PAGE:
Between 2015 and 2023, Menlo Park should build 143 new housing units that are affordable for middle-income earners to meet its allocation. Only four such units had received building permits as of 2018, according to the city.
A new statewide agency, the California Community Housing Agency, or CalCHA, is proposing a new solution to help Menlo Park meet its middle-income housing allocation and move closer to addressing the lack of such housing in the community.
Jordan Moss, founder of the Catalyst Housing Group who has helped shape the new agency, faced a battery of questions from the city's Housing Commission on July 10, but appeared to convince its members to push the City Council to sign on to the initiative. The Housing Commission voted 5-0, with members Meg McGraw-Scherer and Wendy McPherson absent, to recommend that the council join CalCHA and support the agency's issuance of tax-exempt bonds, and to allow the city manager to work out a purchase option agreement with CalCHA for middle-income housing within city limits.
Rhonda Coffman, the city's community development director on housing, said that she had been skeptical of the program at first, noting that it sounded "too good to be true."
But Moss argued that, through a complex bond financing system, CalCHA could purchase multifamily properties, offer subsidized rent to middle-income tenants — typically households earning 80% to 120% of the area median income, or $129,150 to $164,750 for a family of four in San Mateo County — and still pay back its debts over 30 years.
In fact, he said, CalCHA is currently eyeing a 195-unit property at 777 Hamilton Ave. in Menlo Park that already has 22 units leased to teachers as workforce housing through a partnership between Facebook and the city, and could start making moves to buy it as soon as this week.
Typically, multifamily housing tends to get built for people at the high and low ends of the economic spectrum, Moss explained. Developers can access tax credits for building low-income housing, but must agree to rent a significant portion of those units to tenants earning typically no more than 60% of the area median income. Often, most if not all of the units in these developments are dedicated to low-income renters.
If a developer isn't going for low-income housing, it is likely on the hook to bring in as much revenue as possible, so it builds high-end properties with lots of bells and whistles to attract a deep-pocketed clientele willing to pay a premium.
Caught in the middle, Moss said, are people such as nurses, firefighters, teachers, and civil servants who may earn too much to qualify for affordable housing, but not enough to afford those high-end properties.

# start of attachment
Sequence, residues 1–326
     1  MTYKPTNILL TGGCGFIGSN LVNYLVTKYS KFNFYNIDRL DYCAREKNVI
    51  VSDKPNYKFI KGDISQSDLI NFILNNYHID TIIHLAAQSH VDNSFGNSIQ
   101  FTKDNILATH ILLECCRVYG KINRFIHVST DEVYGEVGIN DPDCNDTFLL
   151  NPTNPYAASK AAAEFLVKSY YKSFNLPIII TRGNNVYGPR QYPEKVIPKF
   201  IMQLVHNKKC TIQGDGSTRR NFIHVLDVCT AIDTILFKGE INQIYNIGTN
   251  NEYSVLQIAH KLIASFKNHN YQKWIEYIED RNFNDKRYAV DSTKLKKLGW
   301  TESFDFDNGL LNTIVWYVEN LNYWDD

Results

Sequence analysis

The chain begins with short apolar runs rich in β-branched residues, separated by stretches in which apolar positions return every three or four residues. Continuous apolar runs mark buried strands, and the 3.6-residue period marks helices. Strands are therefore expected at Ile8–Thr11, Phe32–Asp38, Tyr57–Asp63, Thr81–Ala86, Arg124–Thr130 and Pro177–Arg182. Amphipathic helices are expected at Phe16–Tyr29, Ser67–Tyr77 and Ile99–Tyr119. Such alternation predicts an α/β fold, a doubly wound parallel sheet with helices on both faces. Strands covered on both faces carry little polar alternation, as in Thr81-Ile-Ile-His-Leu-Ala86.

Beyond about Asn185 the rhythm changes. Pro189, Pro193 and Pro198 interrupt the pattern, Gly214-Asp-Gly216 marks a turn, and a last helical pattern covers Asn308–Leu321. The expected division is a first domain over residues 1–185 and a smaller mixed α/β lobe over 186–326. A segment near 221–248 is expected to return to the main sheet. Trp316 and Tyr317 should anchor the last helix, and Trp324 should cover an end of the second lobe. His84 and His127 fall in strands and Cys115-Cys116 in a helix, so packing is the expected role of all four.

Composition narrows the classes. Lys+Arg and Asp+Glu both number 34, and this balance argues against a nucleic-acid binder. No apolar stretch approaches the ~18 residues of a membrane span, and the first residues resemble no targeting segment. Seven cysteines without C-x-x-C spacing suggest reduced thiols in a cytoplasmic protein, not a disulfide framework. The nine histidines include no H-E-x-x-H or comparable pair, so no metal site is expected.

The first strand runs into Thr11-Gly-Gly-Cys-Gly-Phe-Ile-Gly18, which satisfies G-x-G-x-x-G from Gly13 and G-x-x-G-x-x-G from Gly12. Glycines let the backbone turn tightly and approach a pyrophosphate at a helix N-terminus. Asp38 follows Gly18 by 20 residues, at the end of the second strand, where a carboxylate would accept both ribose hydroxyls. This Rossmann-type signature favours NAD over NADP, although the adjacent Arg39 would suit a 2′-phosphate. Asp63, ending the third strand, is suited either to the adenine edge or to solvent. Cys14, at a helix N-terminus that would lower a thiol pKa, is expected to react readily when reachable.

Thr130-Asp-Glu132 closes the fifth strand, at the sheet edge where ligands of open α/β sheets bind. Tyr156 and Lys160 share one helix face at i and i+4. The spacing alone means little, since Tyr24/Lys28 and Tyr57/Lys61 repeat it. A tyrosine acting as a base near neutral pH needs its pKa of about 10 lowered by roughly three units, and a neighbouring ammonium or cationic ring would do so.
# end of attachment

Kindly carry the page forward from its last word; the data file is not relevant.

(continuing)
The type of housing that is typically available to middle-income workers, the "naturally affordable" units, as they're sometimes called, tends to be older or in less-than-pristine shape, and is thus targeted as "value-add" properties by investors. They face the risk of being purchased by new owners who kick out the existing tenants, rehabilitate the property, and then charge substantially higher rents to new tenants, Moss said.
CalCHA is a new joint powers authority founded in Kings County that now has a number of member cities and aims to use tax-exempt bonds to buy and preserve housing for middle-income earners. It's taking on new members fast, Moss said, with jurisdictions in Sonoma County on board, and meetings or council presentations planned in the cities of San Jose, Oakland, San Francisco, Hayward, San Rafael and Santa Clara, as well as with Santa Clara County officials.
The agency made its first multifamily housing purchase earlier this year in Santa Rosa, investing in a new 390-unit building.
Bonds for a property purchase would belong to CalCHA and would be payable from the revenues the property generates, and the city could request a purchase option to buy the property between 15 and 30 years later. If the property at 777 Hamilton Ave. generates revenue, the city could also require that money be put toward its below-market-rate housing fund.
Current tenants living at the property who earn more than 120% of the area median income would be expected to pay market-rate rent, but wouldn't be kicked out after the property is purchased. The exception would be for corporate housing — units rented by companies to provide temporary housing for employees — which a number of units at the property are now used for. Renters of those units would not be permitted to renew their leases. Overall, rent increases would be capped at 4% per year.
Housing commissioners raised questions about how tenants would be chosen, and several expressed a desire that current Belle Haven and other Menlo Park residents be given priority, as well as a desire for flexibility with tenant requirements. For instance, if a prospective renter doesn't earn quite two and a half times the asking rent, or if he or she has a record of a minor criminal infraction or an imperfect credit score, that person shouldn't necessarily be turned away, said Commissioner Nevada Merriman.
The purchase of 777 Hamilton Ave. could provide a way for the city to bring a property it sold several years ago back into its portfolio. In November 2012, the city sold 777 to 821 Hamilton Ave., a 2.1-acre parcel, to the Greenheart Land Company. It was required to do so when the state dissolved its redevelopment agency and had to dispose of its assets.
The City Council was expected to approve a resolution to join CalCHA as part of its consent calendar for the meeting on Tuesday, July 16.
This story contains 984 words.
Stories older than 90 days are available only to subscribing members. Please help sustain quality local journalism by becoming a subscribing member today.
If you are already a subscriber, please log in so you can continue to enjoy unlimited access to stories and archives. Subscriptions start at $5 per month and may be cancelled at any time.